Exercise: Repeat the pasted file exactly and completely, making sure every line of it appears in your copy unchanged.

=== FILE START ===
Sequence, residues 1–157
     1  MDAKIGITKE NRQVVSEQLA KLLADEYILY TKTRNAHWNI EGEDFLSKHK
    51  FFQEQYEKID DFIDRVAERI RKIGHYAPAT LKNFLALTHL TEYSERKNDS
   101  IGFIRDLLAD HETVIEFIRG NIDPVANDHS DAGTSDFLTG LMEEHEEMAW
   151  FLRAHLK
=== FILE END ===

Sequence, residues 1–157
     1  MDAKIGITKE NRQVVSEQLA KLLADEYILY TKTRNAHWNI EGEDFLSKHK
    51  FFQEQYEKID DFIDRVAERI RKIGHYAPAT LKNFLALTHL TEYSERKNDS
   101  IGFIRDLLAD HETVIEFIRG NIDPVANDHS DAGTSDFLTG LMEEHEEMAW
   151  FLRAHLK